A new executive order will give the U.S. Attorney General (AG) broad discretion on the size, membership, and method of selection for a new Presidential Criminal Justice Commission. The AG may invite elected state, local and tribal officials to participate in the commission. The commission is charged with studying “issues related to law enforcement and the administration of justice and make recommendations to the Attorney General, who shall submit a report and recommendations to the President on actions that can be taken to prevent, reduce, and control crime, increase respect for the law, and assist victims.” Specific areas of study include challenges to law enforcement regarding substance abuse, mental illness, homelessness and other social factors that influence crime, recruitment and hiring of law enforcement personnel, and “refusals by State and local prosecutors to enforce laws or prosecute categories of crimes.” The commission has one year to submit a report of its findings to the AG.
NCSL filed an amicus brief through the SLLC in County of Maui, Hawaii v. Hawaii Wildlife Fund. In this case, the U.S. Supreme Court will decide whether groundwater is subject to National Pollutant Discharge Elimination System (NPDES) permitting requirements under the Clean Water Act (CWA). The SLLC filed an amicus curie brief arguing that it shouldn’t be. Maui County injects treated wastewater from wells into the groundwater. Some of the treated wastewater reaches the Pacific Ocean. The Hawaii Wildlife Fund sued the county, arguing it was required to obtain an NPDES permit for these discharges. Per the CWA, a party must obtain an NPDES permit if it discharges a pollutant from a point source to a navigable water. Wells are point sources and the Pacific Ocean is a navigable water. But the treated wastewater, in this case, doesn’t go directly from the well to the ocean. It is conveyed through groundwater. The 9th Circuit assumed without deciding groundwater isn’t a point source or navigable waters. The case page can be found here.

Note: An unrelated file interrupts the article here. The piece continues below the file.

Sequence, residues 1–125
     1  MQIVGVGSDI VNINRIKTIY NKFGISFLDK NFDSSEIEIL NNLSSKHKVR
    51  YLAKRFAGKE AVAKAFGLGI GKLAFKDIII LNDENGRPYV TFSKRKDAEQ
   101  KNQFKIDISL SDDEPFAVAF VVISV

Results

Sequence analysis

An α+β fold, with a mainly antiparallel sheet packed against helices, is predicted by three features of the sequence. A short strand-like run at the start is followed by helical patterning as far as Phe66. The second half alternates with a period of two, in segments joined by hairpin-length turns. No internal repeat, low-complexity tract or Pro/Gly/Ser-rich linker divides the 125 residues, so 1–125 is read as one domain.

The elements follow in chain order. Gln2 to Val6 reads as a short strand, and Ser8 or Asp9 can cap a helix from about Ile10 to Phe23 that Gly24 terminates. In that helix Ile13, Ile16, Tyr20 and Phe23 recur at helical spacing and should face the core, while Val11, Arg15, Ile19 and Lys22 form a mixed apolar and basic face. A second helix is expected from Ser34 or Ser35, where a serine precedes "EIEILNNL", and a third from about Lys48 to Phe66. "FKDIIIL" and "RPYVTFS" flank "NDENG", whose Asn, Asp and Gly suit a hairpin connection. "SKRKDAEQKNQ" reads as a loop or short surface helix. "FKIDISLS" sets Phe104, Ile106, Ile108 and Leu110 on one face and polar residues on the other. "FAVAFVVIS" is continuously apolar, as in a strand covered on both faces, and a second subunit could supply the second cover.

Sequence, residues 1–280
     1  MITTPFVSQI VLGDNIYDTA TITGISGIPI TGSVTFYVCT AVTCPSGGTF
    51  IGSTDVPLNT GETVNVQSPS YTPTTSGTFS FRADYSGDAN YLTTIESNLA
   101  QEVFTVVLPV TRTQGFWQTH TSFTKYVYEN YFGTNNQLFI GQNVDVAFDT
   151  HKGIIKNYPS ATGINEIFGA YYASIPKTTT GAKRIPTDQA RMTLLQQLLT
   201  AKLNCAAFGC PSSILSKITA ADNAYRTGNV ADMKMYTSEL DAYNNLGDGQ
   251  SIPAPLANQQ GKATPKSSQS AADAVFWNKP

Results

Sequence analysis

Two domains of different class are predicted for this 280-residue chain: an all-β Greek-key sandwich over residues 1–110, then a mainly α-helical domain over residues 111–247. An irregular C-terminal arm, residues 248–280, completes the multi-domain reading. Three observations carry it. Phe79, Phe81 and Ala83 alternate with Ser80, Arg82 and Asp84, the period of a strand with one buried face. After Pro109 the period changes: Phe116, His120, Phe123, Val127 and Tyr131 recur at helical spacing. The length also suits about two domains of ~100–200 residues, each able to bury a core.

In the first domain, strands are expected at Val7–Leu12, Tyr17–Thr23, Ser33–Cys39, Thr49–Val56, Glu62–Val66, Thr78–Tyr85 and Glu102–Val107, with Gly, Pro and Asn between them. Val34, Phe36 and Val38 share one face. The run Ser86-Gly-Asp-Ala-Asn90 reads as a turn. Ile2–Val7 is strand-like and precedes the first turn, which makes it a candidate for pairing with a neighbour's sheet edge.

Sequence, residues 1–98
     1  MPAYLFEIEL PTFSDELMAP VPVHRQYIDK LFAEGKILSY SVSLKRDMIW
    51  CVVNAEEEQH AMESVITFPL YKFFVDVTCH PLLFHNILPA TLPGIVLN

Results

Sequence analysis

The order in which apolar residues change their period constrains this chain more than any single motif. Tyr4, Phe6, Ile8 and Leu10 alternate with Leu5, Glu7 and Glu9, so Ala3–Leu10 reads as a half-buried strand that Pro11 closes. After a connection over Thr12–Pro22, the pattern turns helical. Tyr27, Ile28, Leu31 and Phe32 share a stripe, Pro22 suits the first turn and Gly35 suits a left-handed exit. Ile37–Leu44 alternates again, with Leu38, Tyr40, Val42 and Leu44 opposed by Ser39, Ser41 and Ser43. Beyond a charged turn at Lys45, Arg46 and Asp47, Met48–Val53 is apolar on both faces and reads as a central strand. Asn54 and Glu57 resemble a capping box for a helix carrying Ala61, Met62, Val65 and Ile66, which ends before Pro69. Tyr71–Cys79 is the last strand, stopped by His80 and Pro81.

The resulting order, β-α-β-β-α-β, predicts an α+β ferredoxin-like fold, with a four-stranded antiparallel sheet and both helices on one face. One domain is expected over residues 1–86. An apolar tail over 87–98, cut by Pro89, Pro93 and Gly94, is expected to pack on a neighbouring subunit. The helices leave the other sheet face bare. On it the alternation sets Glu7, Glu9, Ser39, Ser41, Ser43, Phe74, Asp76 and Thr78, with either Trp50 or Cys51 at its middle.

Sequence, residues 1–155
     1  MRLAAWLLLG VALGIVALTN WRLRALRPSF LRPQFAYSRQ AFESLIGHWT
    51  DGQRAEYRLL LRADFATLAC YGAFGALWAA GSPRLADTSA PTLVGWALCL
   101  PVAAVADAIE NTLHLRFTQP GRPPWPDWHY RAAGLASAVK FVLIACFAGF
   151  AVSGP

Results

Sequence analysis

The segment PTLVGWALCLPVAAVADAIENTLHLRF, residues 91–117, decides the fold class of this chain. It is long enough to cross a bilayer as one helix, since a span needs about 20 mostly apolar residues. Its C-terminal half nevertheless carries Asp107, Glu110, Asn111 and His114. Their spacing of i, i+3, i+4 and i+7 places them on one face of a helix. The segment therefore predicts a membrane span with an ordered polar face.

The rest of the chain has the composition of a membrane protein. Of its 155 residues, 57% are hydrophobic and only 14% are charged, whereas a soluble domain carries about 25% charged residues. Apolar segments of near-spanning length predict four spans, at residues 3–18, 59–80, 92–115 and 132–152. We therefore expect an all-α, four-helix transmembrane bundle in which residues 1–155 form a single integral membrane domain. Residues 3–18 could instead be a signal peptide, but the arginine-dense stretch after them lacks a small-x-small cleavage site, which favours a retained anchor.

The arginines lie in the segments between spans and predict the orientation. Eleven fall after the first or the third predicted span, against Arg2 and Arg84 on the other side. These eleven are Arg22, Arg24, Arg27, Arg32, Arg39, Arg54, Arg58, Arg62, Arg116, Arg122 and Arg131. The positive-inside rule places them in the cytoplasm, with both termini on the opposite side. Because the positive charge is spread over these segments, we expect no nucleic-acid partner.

Representatives Zoe Lofgren (D-Calif.) and Dan Newhouse (R-Wash.) introduced the Farm Workforce Modernization Act. The bill, co-sponsored by 24 Democrats and 20 Republicans, would provide a path to legalization for agricultural laborers and would expand the H-2A foreign guest-worker program. Specifically, it would also establish a mandatory E-Verify system nationwide for farm employers; simplify the H-2A application process; cap wages for farmworkers; and increase funding for USDA programs that support housing for laborers. The bill is supported by several agriculture organizations, including the National Farmers Union, California Farm Bureau, Western Growers Association, United Farm Workers, Farm Credit and National Milk Producers Federation. Senator Mo Denis (D-Nev.), co-chair of NCSL’s Task Force on Immigration and the States, met with members of the U.S. House of Representatives Judiciary Committee to discuss moving forward on this legislation.